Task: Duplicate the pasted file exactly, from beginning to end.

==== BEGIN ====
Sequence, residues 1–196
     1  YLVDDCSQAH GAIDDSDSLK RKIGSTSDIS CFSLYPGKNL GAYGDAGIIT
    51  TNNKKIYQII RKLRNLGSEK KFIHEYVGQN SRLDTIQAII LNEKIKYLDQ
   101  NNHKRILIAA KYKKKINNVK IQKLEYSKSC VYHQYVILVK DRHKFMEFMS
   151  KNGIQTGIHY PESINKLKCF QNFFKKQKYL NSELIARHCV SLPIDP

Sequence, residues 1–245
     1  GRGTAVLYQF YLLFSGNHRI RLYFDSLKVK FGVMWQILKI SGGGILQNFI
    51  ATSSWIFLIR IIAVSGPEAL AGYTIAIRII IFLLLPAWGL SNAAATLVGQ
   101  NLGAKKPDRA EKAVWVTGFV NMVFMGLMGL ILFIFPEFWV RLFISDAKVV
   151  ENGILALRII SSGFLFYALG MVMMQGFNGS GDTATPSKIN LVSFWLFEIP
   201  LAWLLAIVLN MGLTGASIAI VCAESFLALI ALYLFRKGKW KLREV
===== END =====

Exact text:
Sequence, residues 1–196
     1  YLVDDCSQAH GAIDDSDSLK RKIGSTSDIS CFSLYPGKNL GAYGDAGIIT
    51  TNNKKIYQII RKLRNLGSEK KFIHEYVGQN SRLDTIQAII LNEKIKYLDQ
   101  NNHKRILIAA KYKKKINNVK IQKLEYSKSC VYHQYVILVK DRHKFMEFMS
   151  KNGIQTGIHY PESINKLKCF QNFFKKQKYL NSELIARHCV SLPIDP

Sequence, residues 1–245
     1  GRGTAVLYQF YLLFSGNHRI RLYFDSLKVK FGVMWQILKI SGGGILQNFI
    51  ATSSWIFLIR IIAVSGPEAL AGYTIAIRII IFLLLPAWGL SNAAATLVGQ
   101  NLGAKKPDRA EKAVWVTGFV NMVFMGLMGL ILFIFPEFWV RLFISDAKVV
   151  ENGILALRII SSGFLFYALG MVMMQGFNGS GDTATPSKIN LVSFWLFEIP
   201  LAWLLAIVLN MGLTGASIAI VCAESFLALI ALYLFRKGKW KLREV